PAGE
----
To Be Thankful

November has been a wonderful month. Our days have been filled with friends, family and love; and these three alone are not just enough, but also tremendous blessings, to be thankful for. After, or perhaps during, this holiday I will make a point to catch myself up with all the life that’s been going on in our household. As always, I wish to never forget the way I felt yesterday, the way I feel right now, and the hopes I have for tomorrow.

But seriously: Time? Can you slow down, please? I can’t believe another Thanksgiving has come and gone. It really feels like yesterday I just wrote this post about being thankful.

Well, this Thanksgiving I wanted to write a little bit more about what I am thankful for. I am thankful for my family and the moments we can share as all of us grow. I am thankful for my friends who let me share a piece of myself with them, and who share a piece of themselves with me. I am thankful for my husband who has been a solid pillar of support for me, whether that means helping with the little ones or having faith in me and my choices. I am especially thankful for his consistent ability to make me laugh. I am blessed.

With just the right amount of 'tude.















With just the right amount of sweetness.

And there is something else I am greatly thankful for. It is something I think is often taken for granted, very little thought of, and maybe not even really understood, even by me.

This is our Free Will. This divinely given gift is what makes us the unique people that we are. Without free will, we may as well be robots or cogs in a machine with no purpose, no goals, no hopes and no dreams. Kind of dreary, right? With free will come a slew of choices – both good and bad, endless paths – both right and wrong, and a variety of emotional feelings – including anger and love. Every day we get to choose: Where do I want to go today? How will I get there? How will I feel about it?

One day I would love to delve into this a little more, but today I am just thankful. Thankful that I can choose. Sometimes I may fail to make the right choice. Sometimes I may choose to make the wrong one. But these choices are mine. (As are, of course, the consequences.) That is what Life is all about.

Every new day that is my own is a day to be thankful for. And I hope that we, as a people, can guard this treasure closely for our children, our grandchildren and for many generations to come. Because although it is a divine gift that we are all equally given, it is one that can be taken away by our own selves.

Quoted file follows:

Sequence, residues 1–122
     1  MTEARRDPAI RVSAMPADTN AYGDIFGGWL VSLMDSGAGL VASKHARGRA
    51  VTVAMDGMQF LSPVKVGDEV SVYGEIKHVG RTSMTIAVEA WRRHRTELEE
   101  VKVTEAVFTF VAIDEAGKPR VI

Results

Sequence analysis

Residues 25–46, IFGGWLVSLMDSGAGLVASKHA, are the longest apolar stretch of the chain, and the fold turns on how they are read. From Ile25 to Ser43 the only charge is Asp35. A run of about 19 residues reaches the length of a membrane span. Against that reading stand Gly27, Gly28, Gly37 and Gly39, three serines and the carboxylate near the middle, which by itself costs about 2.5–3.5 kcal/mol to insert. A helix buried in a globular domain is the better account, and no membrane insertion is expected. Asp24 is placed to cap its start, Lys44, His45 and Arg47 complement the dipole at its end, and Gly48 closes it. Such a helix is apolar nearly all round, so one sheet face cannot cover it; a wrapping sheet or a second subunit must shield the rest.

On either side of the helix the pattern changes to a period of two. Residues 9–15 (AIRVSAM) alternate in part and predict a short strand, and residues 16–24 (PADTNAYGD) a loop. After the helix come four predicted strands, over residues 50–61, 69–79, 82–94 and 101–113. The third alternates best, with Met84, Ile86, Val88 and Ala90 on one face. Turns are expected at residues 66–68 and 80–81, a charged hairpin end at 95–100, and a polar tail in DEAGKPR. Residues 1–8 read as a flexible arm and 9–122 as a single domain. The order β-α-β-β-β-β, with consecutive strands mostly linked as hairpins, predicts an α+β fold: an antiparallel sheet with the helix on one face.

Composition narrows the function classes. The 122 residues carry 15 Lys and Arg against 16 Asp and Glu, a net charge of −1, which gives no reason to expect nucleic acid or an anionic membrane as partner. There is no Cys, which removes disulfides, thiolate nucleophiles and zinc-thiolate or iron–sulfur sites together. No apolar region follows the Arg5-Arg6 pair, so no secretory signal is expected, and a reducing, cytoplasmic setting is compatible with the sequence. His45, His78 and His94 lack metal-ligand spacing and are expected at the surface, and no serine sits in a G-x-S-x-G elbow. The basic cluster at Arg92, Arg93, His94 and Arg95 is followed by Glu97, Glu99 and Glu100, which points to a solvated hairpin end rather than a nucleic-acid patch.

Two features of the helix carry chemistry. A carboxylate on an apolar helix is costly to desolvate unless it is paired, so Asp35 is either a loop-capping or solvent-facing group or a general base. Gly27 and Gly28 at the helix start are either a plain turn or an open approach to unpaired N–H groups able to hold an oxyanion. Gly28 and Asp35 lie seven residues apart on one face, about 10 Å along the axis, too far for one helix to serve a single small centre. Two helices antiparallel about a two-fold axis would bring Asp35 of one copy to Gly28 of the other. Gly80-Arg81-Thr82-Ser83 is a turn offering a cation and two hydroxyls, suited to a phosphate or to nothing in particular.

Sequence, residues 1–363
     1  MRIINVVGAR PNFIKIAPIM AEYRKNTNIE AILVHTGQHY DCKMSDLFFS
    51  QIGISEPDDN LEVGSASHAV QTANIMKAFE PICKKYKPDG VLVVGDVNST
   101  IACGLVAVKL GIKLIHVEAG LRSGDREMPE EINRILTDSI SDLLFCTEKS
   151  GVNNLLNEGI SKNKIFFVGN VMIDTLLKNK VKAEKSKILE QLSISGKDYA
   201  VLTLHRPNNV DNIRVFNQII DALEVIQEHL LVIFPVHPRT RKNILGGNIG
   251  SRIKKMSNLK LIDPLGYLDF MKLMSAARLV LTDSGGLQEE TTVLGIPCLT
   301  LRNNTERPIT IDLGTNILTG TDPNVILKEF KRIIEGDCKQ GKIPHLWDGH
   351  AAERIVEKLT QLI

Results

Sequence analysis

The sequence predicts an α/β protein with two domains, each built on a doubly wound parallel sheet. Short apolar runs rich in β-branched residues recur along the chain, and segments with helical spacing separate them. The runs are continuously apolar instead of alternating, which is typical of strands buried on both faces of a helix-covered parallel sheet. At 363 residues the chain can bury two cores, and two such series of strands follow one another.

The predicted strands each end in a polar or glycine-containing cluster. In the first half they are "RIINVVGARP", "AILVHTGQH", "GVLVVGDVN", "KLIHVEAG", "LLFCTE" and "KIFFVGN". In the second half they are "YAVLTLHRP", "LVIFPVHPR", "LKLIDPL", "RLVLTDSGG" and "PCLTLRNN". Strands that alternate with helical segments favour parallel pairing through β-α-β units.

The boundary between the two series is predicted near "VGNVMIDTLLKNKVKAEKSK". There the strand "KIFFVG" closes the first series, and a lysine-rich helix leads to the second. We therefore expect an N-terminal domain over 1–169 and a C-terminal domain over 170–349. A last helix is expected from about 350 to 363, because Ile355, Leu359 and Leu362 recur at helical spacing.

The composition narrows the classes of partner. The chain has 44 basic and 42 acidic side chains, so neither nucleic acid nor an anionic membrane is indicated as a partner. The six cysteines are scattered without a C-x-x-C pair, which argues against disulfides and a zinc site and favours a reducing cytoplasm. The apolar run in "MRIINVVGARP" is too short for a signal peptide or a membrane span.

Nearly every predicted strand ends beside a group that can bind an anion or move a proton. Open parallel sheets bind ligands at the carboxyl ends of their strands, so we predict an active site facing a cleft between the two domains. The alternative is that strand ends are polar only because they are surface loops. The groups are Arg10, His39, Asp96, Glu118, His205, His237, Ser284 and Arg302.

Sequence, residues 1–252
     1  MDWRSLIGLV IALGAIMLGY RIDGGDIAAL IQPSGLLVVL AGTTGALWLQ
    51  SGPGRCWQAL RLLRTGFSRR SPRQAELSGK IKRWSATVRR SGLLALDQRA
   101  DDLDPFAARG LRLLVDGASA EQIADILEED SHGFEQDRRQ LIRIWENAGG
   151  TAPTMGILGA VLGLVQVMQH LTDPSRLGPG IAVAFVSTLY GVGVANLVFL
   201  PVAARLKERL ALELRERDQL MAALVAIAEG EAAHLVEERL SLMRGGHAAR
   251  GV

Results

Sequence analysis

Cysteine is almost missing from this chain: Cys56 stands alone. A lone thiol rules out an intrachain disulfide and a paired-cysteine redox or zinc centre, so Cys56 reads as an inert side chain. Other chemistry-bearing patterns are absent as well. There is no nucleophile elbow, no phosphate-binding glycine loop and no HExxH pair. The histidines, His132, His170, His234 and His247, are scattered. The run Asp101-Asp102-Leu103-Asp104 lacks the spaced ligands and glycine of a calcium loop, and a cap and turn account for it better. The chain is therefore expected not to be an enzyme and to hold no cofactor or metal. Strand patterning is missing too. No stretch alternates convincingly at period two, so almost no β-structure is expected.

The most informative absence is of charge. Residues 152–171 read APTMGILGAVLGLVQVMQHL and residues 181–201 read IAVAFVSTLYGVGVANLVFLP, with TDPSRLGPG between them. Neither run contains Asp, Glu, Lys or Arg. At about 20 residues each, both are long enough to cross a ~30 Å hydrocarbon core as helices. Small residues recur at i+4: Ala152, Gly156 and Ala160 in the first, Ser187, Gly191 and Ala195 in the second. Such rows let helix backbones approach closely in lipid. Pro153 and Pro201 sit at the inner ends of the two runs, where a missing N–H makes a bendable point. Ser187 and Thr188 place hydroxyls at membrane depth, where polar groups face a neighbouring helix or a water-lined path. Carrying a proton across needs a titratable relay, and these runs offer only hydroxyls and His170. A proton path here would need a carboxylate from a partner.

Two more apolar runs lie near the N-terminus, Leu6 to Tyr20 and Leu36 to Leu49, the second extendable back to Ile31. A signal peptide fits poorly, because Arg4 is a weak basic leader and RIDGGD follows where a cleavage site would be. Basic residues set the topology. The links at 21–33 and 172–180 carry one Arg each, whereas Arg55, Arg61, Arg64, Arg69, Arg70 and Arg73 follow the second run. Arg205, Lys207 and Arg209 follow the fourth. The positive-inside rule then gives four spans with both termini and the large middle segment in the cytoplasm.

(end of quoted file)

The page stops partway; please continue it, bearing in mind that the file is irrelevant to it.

Happy Thankgiving!


And, yes, there is so much to share about the little ones. They do change so fast.


Posted by: Andrea | November 10, 2010

My Little Angels

We are getting ready to spend a few days with good friends in the Bay Area but before we leave I had to jot (how would you say this in keyboard speak?) down some notes.

Last night, Uncle Lulu watched our kids so Craig and I could go on a concert date. During dinner I told Isabel to tell Lulu about her first word. She yelled out, with a huge smile on her face, “cooks!” Then Craig asked her if she could spell it. I never thought to ask her that, but she began: C-O-O-K, pause, S! Without any visuals she spelled the word. I am beginning to wonder if she has a photographic memory.

My professional un-poser

Two weeks ago we got to make some pumpkin face flash cards. There were a total of 10 pairs of a variety of facial expressions: different shaped noses, smiling pumpkins, angry pumpkins and sad pumpkins. While I was cleaning one day I found her sitting on the floor and all the cards were properly paired up. I thought, this game is too easy for her, let’s try memory. I started out with three pairs, then moved to 5 pairs and then 6. What I noticed was that when she actually picked up a new card and saw that it matched one of the old cards, she always got the pairs right. She had a tendency to always turn an old card over first and then a new card. If that new card matched one she had already picked up, she 100% of the time picked the right pair on the next try.

Playing in some muddy grasses.

Dancing in the sunny grass.

Given that I was not very good at memory games I was kind of surprised. So, I guess this means I should start finding more visual memory games to give her more practice.

Thomas is still trying hard to speak. As it doesn’t work out too well for him yet, he has taken to a lot of screaming. A LOT of screaming. I finally decided to teach him “please” in sign language and he picked it up fairly quickly. For some reason, I had thought not to teach him sign language because I wanted to focus on speaking. But I realize now that that may be a long road and if he wants to to sign, or finds it easier, we will try this for now. I hope it helps control his mini-temper tantrums.

He is also such a snuggly baby. Isabel never wanted to snuggle and I remember always hoping for it, disappointed. Well, I am getting my fix now and he is oh-so-cute.

He is a professional poser.